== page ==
A total of 372 foreign companies such as Giant, Timberland and DAZN generated 9,847 additional jobs in the Netherlands in 2018. Collectively, these companies contributed 2.85 billion euros to our economy. These jobs and investments are credited to the Invest in Holland network, which consists of the Netherlands Foreign Investment Agency (NFIA) – the investment promotion agency of the Dutch Ministry of Economic Affairs and Climate Policy – its regional partners, and the Holland International Distribution Council (HIDC). In the previous year, 2017, 357 companies invested 1.67 billion euros in our country.
Minister Wiebes of Economic Affairs & Climate Policy: “These results once again confirm that foreign companies are important to our globally operating country. Around one million people work for foreign companies in the Netherlands and an additional half-million work indirectly for these companies as suppliers, particularly in SMEs. Due to the growing international uncertainty surrounding Brexit and changing global trade policies, the importance of a good Dutch business climate for all of us is continually increasing.”
The work of the NFIA falls partly under the responsibility of the Minister for Foreign Trade and Development Cooperation, Sigrid Kaag: “The impending Brexit and tensions around international trade provide opportunities for Dutch companies. Our companies are innovative, flexible and adapt to this changing market. Furthermore, the Netherlands’ position as a stable economic hub is also attractive to foreign companies. This position will only be further strengthened. It is positive that this is reflected in the approximately 10,000 newly-created jobs in 2018.”
From headquarters to R&D
The NFIA is responsible for 8,475 out of the 9,847 jobs created by the Invest in Holland network. In 2018, the NFIA managed to attract 248 foreign investment projects to the Netherlands, which collectively account for 2.76 billion euros in investments. The annual results also show that the majority of new jobs are created within headquarters (2,259), followed by marketing & sales offices (1,834), distribution centers (1,053), service centers (977), production sites (884) and R&D locations (755). As illustration, sports media company DAZN established a development center in Amsterdam, Giant and Timberland expanded their European distribution locations (in Lelystad and Almelo respectively) and Mitsui Chemicals committed to producing plastics at the Chemelot Campus in Limburg.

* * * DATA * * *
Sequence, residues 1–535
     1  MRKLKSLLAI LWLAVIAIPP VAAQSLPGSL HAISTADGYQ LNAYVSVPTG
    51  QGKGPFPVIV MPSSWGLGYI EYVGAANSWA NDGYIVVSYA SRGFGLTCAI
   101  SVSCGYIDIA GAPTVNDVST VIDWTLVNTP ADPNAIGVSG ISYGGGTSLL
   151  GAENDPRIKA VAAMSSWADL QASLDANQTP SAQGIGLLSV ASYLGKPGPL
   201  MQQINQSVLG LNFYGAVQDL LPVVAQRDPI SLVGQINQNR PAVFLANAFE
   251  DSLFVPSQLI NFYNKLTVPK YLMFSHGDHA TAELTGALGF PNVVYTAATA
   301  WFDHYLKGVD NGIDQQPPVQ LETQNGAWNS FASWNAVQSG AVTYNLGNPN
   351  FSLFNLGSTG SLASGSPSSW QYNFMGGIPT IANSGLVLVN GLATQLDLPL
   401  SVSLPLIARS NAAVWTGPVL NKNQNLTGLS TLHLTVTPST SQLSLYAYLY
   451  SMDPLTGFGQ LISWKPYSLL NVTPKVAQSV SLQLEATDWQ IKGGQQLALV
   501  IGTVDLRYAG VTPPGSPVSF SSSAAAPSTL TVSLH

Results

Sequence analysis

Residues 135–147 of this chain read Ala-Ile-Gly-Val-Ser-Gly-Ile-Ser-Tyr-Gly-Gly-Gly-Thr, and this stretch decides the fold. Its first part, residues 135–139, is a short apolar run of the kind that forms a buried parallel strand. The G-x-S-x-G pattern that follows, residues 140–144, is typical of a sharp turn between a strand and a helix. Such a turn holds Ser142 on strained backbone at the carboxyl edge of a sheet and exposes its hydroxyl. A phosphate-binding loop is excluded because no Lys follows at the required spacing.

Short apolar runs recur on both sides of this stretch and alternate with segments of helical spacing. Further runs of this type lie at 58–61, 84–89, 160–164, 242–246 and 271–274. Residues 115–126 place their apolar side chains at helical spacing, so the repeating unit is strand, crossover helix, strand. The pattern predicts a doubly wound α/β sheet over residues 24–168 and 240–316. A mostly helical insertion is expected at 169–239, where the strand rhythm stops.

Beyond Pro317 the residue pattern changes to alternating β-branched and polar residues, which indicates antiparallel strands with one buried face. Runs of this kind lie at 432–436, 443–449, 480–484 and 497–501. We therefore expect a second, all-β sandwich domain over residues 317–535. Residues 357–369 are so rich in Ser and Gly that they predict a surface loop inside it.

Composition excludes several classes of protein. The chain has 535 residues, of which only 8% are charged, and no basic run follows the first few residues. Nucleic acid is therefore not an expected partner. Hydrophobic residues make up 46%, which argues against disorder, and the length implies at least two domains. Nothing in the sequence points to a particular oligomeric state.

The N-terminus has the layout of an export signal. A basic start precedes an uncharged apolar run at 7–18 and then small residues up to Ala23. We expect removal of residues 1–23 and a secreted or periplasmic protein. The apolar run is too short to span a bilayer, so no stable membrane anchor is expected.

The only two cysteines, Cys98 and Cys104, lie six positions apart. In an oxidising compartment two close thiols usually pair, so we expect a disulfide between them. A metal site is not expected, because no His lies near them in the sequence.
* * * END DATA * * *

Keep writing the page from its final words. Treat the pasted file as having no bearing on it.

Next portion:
The majority of ‘foreign jobs’ are, as in 2017, created by US companies. In 2018, this accounted for 3,185 jobs, with a total accompanying investment of 1.19 billion euros. Following the US is the United Kingdom (1,596 jobs), then China (614 jobs), Japan (580 jobs) and Germany (300 jobs).
More Brexit companies
In 2018, the Invest in Holland network brought 42 companies to the Netherlands as a result of Brexit, accounting for 1,923 jobs and some 291 million euros in investments. Companies signaling expansion of their offices in the Netherlands partly due to Brexit , include the Japanese investment bank Norinchukin and media company TVT Media. Financial services providers MarketAxess and Azimo, and maritime insurer UK P&I all announced office openings in our country last year, due to Brexit as well. The relocation of the European Medicines Agency(EMA) to Amsterdam, also supported by Invest in Holland, is included herein. In 2019, several companies, including Discovery and Bloomberg, have already announced their intention to invest in the Netherlands because of Brexit.
The number of companies relocating activities to our country due to Brexit has grown compared to 2017, during which 18 companies made a Brexit-related move to the Netherlands. Additionally, the NFIA is talking with more than 250 foreign companies considering setting up operations in the Netherlands following Brexit. These are predominantly British companies, but also American and Asian organizations that are reconsidering their current European structure due to uncertainties caused by Brexit. These include companies in the financial sector, media and advertising, life sciences & health and logistics. In addition to the Netherlands, these companies are also investigating options in other countries, including Germany, France and Ireland